Genre: Drama
Director: Nick Cheuk
Cast: Lo Chun Yip, Ronald Cheng, Hanna Chan, Rosa Maria Velasco, Sean Wong
Runtime: 1 hr 35 mins
Rating: PG13 (Some Sexual References)
Released By: mm2 Entertainment
Official Website: 

Opening Day: 11 April 2024

Synopsis: High school teacher Cheng looks back to his repressed childhood memories, as he finds an anonymous suicide note in the classroom. He strives hard to prevent another tragedy from happening, meanwhile facing a series of family problems, his wife is divorcing him, and his father is dying.

Movie Review:

Time still turns the pages, although that doesn’t mean we get to write a new chapter of our life, especially if we don’t deal with the traumas of our past. That is the long and short of Nick Cheuk’s critically acclaimed drama, which intertwines two stories in the past and present to tell of how we can be prisoners of our own guilt.

The film opens with a 10-year-old boy jumping off the roof of his apartment building, before emerging seconds later standing up on a ledge shouting at the top of his voice that he will get into Hong Kong University. That boy, we later learn, is Eli (Sean Wong), the older but not quite as bright son of a stern and occasionally abusive father (Ronald Cheng) and a long-suffering mother (Rosa Maria Velasco). His younger brother Vincent (Curtis Ho) is better not only at grades but also at piano, and is not surprisingly the more favoured child among his parents.

It should also not come as a surprise that Eli will at some point really commit suicide, and over the course of the first two acts of the film, Eli’s spiral from a quietly motivated kid to an utterly demoralised individual is therefore expected but no less devastating to watch. Not for lack of trying, Eli doesn’t do well enough to be promoted to the next grade, and ends up being in the same class as Vincent. His parents change out his piano teacher, thinking that she is too lenient with him. And in perhaps the most significant blow, he hears on the TV one day that his favourite manga artist had killed himself.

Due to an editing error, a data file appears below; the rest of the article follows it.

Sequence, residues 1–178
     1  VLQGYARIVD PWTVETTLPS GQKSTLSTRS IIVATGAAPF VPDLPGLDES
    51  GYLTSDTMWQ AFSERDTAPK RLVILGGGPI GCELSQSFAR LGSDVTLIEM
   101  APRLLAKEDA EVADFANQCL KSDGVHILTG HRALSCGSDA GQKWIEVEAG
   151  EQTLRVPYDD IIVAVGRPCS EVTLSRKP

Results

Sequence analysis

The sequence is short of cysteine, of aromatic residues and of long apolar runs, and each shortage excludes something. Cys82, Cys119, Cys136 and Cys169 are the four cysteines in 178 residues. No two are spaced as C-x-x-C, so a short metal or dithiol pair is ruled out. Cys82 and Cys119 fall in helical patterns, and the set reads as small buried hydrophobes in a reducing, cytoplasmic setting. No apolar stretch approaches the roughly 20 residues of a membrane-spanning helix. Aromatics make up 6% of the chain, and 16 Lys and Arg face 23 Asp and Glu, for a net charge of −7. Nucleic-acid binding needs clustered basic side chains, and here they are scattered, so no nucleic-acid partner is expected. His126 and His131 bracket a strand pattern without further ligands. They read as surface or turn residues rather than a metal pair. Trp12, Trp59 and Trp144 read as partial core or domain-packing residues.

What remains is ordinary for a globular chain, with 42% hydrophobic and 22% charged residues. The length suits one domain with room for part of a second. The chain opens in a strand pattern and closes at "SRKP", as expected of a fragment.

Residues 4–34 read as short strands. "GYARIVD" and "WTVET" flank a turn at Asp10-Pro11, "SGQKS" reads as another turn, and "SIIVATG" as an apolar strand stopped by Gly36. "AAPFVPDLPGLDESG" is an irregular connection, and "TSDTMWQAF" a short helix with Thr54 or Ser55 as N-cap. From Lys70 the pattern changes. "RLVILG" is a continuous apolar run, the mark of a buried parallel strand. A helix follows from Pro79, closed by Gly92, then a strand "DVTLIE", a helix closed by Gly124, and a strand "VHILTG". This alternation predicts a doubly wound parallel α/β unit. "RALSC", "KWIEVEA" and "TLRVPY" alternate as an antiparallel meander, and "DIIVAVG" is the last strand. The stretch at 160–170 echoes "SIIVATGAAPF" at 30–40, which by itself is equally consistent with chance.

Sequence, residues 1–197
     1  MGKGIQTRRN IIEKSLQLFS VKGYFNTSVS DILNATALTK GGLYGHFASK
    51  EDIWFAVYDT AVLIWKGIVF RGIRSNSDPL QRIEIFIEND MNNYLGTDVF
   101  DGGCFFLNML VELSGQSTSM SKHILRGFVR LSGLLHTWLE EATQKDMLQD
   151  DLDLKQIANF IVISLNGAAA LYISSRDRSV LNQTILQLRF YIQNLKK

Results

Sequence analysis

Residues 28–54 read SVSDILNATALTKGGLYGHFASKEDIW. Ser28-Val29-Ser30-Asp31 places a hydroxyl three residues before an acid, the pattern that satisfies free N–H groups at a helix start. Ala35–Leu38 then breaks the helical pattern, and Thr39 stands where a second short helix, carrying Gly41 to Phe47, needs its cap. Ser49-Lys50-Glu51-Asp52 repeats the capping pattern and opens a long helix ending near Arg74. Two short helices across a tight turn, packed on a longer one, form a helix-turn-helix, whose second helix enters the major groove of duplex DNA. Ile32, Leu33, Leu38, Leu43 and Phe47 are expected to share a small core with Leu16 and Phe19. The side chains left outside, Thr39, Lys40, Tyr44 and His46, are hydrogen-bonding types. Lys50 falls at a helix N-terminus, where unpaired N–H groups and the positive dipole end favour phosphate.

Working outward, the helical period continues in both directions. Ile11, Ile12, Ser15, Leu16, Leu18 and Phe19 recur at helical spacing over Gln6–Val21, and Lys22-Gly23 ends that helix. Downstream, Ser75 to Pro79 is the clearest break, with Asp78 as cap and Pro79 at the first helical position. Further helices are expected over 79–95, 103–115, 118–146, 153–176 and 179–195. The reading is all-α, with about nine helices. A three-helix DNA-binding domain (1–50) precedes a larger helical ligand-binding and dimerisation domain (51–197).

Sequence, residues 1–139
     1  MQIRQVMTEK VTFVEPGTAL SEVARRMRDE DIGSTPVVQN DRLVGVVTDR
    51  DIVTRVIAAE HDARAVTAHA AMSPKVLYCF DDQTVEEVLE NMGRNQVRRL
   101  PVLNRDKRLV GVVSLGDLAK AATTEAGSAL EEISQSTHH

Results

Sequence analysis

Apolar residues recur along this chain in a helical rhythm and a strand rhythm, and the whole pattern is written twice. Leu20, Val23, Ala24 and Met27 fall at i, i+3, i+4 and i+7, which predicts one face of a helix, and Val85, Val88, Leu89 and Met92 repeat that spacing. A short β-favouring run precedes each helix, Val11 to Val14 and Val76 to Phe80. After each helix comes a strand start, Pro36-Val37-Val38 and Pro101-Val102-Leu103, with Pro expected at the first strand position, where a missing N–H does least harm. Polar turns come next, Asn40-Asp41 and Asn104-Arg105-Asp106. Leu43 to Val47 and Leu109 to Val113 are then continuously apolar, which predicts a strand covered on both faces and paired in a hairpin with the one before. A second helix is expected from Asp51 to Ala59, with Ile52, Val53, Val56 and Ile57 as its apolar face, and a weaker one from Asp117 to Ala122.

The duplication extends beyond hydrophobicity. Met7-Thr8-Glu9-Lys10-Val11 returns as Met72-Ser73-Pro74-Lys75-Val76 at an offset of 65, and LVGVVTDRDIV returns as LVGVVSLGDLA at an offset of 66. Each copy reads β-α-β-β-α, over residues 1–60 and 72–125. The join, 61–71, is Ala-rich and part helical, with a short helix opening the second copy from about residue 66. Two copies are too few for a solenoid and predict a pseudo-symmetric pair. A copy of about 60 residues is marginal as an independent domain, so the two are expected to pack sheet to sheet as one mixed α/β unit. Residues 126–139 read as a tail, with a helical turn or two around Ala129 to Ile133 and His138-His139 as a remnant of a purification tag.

Eli’s story unfolds in parallel with that of high-school teacher Mr Cheng (Lo Chun-yip) in present day, who is unusually troubled when he is alerted to a suicide note discovered by the school janitor in his classroom’s rubbish bin. Mr Cheng goes to lengths to try to identify the student at risk, all the while suspecting that it could be the angst-ridden Vincent (Hennick Chou) who is picked on by his schoolmates and given the derogatory nickname ‘Van Gogh’ due to his hearing issues.

If there was any doubt, it soon becomes clear this is in fact Mr Cheng’s story, with the episode triggering not only memories from his childhood past but also of his recent separation with his wife Sherry (Hanna Chan). To say more would give away the third-act reveal, of who Mr Cheng is in relation to the first story as well as why his marriage had disintegrated right after Sherry had told him that she was pregnant with his child.  

While seemingly disjointed, the two stories in fact fit hand in glove with each other, but it does require that you sit through two deliberately paced acts before the heartbreaking reveal. Indeed, those expecting a gripping time may come off frustrated by how Cheuk takes his time throughout the first hour to focus on the minutiae of his characters’ lives and predicaments, but rest assured that your patience will be rewarded by how beautifully Cheuk connects the various threads together.

For this reviewer, what is particularly poignant is how the film exemplifies how indelible our formative experiences in childhood prove to be in our adult life, and no matter how we choose to deny our past, there will be inflexion points which force us to come to terms with how we have been shaped by our upbringing. We will add too that Eli’s circumstance will probably resonate with many who have endured similar patriarchal behaviour, some of whom may even have contemplated what Eli resorted to after falling into depression.

It isn’t perfect – for one, the pacing could be tighter – but ‘Time Still Turns the Pages’ is a great example of the new wave of social dramas that a new generation of Hong Kong filmmakers are finding their voice in. Subtle, heartfelt and sincere to the bone, this examination of how our past reverberates through our present hits the right notes by most counts, save perhaps for a number of contrivances that Eli is put through. That said, it is incredibly restrained and keenly observed, and for a first-time feature film, a remarkably assured debut of grace, equanimity and purpose.

Movie Rating:

(Subtle, heartfelt and sincere to the bone, this examination of how our past reverberates through our present brims with grace, equanimity and purpose)

Review by Gabriel Chong



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